A photo of my desk. To be a writer requires a great deal of time being alone with your thoughts.
The Loneliness of the Long Distance Writer
By Richard Mabey Jr.
My inspiration for the title of this blog came from Alan Sillitoe’s book, The Loneliness of the Long Distance Runner, which was publishes in 1959. For there is a certain loneliness in being a long distance runner. And, there is a certain loneliness in being a long distance writer.
Right now, I feel the loneliness of having hit a roadblock in my goal of getting my book published. The loneliness lies in that friends, fellow church members, fellow employees, acquaintances, will all say, “that’s too bad,” when I might mention the frustration of getting a book published. Their words of consoling are mostly done with a bit of sing-song voice. Some might even be a bit sarcastic, with the undertone of “THAT’S your big problem in life?”
Never-the-less, the loneliness is real.
Back, when I was a young man, I worked for the International Public Relations Department of this huge telecommunications company. I wrote press releases, so I did have to have that time alone to concentrate to write. But, I was far from feeling lonely. There were people all around me at the office. I was on top of the world.
Then when I went on to work at an advertising agency. I once again worked as a proofreader and writer. There were long periods of time, where I needed to be alone at my desk concentrating and focusing on my work. But, I was from feeling lonely.
Working as a Security Gate Guard for a large gated community gives me the opportunity to interface with a lot of people, during the day. Still, there is a certain loneliness that I feel of late.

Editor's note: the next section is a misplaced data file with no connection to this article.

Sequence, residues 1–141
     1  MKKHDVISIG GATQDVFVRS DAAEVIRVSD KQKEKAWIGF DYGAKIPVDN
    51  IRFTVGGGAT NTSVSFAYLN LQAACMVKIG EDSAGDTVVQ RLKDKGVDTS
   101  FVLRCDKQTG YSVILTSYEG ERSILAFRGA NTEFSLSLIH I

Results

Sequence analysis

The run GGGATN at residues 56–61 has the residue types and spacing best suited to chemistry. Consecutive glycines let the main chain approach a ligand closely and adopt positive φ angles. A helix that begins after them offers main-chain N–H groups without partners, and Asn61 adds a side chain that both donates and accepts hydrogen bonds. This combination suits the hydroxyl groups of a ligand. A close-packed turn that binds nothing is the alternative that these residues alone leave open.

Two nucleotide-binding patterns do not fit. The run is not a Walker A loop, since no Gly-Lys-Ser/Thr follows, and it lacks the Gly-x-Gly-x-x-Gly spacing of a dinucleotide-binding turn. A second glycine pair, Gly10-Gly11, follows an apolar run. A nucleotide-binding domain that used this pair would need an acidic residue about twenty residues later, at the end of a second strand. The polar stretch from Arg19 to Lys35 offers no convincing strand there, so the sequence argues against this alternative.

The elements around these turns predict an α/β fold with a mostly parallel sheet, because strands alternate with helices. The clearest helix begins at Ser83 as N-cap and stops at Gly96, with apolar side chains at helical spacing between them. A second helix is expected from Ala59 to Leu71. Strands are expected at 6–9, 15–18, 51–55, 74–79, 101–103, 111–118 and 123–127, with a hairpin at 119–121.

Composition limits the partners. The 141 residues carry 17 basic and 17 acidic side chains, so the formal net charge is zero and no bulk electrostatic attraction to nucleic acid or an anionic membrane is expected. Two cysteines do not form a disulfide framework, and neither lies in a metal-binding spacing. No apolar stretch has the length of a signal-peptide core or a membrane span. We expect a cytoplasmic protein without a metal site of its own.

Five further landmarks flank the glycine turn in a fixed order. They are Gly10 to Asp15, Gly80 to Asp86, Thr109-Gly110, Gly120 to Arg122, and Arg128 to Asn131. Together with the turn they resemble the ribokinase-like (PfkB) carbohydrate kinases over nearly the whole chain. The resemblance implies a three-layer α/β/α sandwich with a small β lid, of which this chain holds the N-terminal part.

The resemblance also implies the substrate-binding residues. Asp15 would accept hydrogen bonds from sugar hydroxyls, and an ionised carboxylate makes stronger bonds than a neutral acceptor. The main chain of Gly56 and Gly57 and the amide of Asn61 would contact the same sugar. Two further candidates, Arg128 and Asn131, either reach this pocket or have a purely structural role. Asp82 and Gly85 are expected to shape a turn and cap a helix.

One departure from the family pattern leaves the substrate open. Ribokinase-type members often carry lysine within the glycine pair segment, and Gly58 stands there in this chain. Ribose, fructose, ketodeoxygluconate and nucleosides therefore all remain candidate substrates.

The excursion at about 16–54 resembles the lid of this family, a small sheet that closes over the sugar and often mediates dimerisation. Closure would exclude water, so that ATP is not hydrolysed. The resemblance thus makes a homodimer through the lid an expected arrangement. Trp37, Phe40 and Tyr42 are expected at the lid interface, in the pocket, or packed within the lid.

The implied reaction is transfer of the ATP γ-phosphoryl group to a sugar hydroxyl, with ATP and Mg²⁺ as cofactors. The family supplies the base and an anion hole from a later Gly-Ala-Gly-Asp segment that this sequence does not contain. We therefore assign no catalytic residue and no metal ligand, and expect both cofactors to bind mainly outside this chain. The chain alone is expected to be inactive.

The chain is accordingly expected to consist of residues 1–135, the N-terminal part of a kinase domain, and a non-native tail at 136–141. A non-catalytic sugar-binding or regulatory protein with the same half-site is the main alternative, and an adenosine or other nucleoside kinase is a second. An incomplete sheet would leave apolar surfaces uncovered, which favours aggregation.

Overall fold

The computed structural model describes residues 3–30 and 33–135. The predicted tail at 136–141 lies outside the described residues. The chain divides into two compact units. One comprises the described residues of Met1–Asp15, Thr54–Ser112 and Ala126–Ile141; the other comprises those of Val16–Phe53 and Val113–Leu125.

Mostly, I wonder if I’ll ever see my novel published. It feels like I’ve walked 50 miles across a desert, with only one canteen of water. And, I still have another 50 miles to walk, with little water left in my canteen.
Lately, I’ve been questioning my talent as a writer. This is painful to admit. Still, it is something that weighs heavily upon my mind, of late.
When I first arrived in Central Florida, I edited and wrote the newsletter for a diabetic support group. Not just any diabetic support group, but the single largest diabetic support group in all of Central Florida. I did that for about three years or so, then moved on to writing articles for a small town weekly paper. Sadly, that wonderful little newspaper went out of business a couple of years ago.
Writing is hard work. Some people have this romantic idea of writing. There’s very little grand and glorious about the hard work of being a writer. And, there is certainly nothing festive about the stick-to-it-tiveness that it takes to get a book published.
I promised my beloved father that I would do my absolute best to work toward getting my book published. Despite my self doubts, the hollow emptiness, the walk-through-the-desert loneliness; I know deep inside that I will never give up. Never give up.